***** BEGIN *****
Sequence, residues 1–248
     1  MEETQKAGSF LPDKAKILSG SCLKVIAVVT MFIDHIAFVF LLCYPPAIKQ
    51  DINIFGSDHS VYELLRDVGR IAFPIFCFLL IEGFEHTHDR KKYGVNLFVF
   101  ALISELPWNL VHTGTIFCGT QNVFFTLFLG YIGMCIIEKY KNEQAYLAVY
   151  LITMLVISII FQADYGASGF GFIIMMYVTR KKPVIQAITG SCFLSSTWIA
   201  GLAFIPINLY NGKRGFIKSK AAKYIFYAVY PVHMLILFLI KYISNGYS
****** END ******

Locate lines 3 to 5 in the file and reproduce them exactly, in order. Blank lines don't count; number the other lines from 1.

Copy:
    51  DINIFGSDHS VYELLRDVGR IAFPIFCFLL IEGFEHTHDR KKYGVNLFVF
   101  ALISELPWNL VHTGTIFCGT QNVFFTLFLG YIGMCIIEKY KNEQAYLAVY
   151  LITMLVISII FQADYGASGF GFIIMMYVTR KKPVIQAITG SCFLSSTWIA